Rudolph Valentino is Juan, a toreador of Seville, in Blood & Sand (1922), inspired by though hardly based on Vicente Blasco Ibanez's international best seller Sangre y arena (Blood & Sand, 1908).
Valentino has a boyish (if not slightly faggoty) charm & physical grace, & his status as a silent film idol is instantly comprehensible. Blood & Sand was to be one of Valentino's greatest commercial successes.
The filmmakers didn't dare show actual bullfighting for an American audience of the day, so Juan's grandeur in the ring has to be conveyed outside the bullring in his suit of lights & his micky mouse ears.
It's a love story of course, since what else could a Valentino film be. He falls for "little Carmen" (Lila Lee). The larger theme becomes whether Juan can overcome his desire for fame at "the cruelty of the national sport" or whether he will destroy his capacity for love pursuing fame through cruelty to bulls.
The ethnocentric assumption that bullfighting is evil rings hypocritical when the film at the same time wants to cash in on the dashing beauty & grace of the toreador image.
Our bullfighter has an erotic nature & is tempted by beauty & opportunity to be unfaithful to Carmen. In Madrid he becomes the idol of the people. A hedonistic woman (Nita Naldi) pretty much buys him as her companion.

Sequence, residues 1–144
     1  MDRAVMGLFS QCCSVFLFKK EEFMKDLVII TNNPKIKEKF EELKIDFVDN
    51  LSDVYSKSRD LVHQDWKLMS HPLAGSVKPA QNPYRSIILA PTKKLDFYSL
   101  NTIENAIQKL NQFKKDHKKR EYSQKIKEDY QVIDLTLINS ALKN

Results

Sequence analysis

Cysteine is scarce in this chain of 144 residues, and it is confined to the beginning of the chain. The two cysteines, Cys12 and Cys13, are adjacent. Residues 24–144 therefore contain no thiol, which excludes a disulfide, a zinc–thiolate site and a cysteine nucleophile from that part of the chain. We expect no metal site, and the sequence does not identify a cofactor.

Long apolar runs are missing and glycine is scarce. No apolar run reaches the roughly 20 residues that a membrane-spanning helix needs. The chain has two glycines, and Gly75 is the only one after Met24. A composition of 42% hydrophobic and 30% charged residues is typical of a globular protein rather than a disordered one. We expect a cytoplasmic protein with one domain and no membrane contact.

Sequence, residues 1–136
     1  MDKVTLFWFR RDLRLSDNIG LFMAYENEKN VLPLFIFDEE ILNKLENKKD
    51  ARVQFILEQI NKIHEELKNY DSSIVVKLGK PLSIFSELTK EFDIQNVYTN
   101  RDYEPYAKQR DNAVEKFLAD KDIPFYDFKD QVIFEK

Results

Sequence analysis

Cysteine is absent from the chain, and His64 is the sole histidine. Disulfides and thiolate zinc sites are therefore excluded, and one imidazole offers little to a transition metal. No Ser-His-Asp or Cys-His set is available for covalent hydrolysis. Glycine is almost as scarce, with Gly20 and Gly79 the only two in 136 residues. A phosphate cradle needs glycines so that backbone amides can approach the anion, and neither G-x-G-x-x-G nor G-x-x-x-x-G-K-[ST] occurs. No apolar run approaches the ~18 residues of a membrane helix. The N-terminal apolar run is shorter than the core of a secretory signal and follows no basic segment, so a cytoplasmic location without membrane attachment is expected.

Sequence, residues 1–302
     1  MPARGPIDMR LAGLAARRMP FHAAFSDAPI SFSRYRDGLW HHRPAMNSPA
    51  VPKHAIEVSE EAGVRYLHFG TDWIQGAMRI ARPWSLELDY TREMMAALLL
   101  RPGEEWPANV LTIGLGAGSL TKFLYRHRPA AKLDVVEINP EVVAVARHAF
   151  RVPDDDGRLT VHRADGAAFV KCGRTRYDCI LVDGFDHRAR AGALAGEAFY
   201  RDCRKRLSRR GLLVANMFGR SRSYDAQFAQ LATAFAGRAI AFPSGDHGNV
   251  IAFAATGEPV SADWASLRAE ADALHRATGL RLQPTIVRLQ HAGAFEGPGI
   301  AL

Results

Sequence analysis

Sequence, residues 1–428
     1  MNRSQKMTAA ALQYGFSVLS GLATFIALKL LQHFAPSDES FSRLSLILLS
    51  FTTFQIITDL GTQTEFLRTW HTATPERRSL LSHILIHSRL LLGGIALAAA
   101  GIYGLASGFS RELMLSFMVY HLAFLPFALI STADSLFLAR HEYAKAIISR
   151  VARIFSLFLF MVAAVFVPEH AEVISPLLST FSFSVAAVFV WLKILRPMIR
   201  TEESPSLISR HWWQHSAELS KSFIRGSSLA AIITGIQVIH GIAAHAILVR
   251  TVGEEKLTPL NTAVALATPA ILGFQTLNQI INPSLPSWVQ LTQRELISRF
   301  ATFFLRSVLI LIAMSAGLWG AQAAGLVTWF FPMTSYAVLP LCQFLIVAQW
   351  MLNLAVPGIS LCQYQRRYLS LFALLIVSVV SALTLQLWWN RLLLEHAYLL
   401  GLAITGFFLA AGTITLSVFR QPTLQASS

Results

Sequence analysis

The overt message in the film is that one cannot take advantage of one's skill & fame & still be faithful in love, without acknowledging Juan would've lived a life of poverty if he'd never pursued his dream.
Juan falls into miserable dissipation because "happiness built on cruelty cannot last." The phony moralism renders this an awful film, but the allure of silent screen idols is nevertheless powerful just to watch the passionately emotive overacting in these lovely faces.
It is headed for a climax that is way too forced & fake, with Juan learning his lessons only after injury & abandonment by his public. The whole thing could easily be assessed as dated & such rubbishy melodrama couldn't possibly be comprehended by modern viewers as it was experienced in its day. But fact is, it's pretty much the sort of "chick flick" that gets chick-flicks demeaned as modern jokes despite their extreme popularity. So styles don't really change that much.
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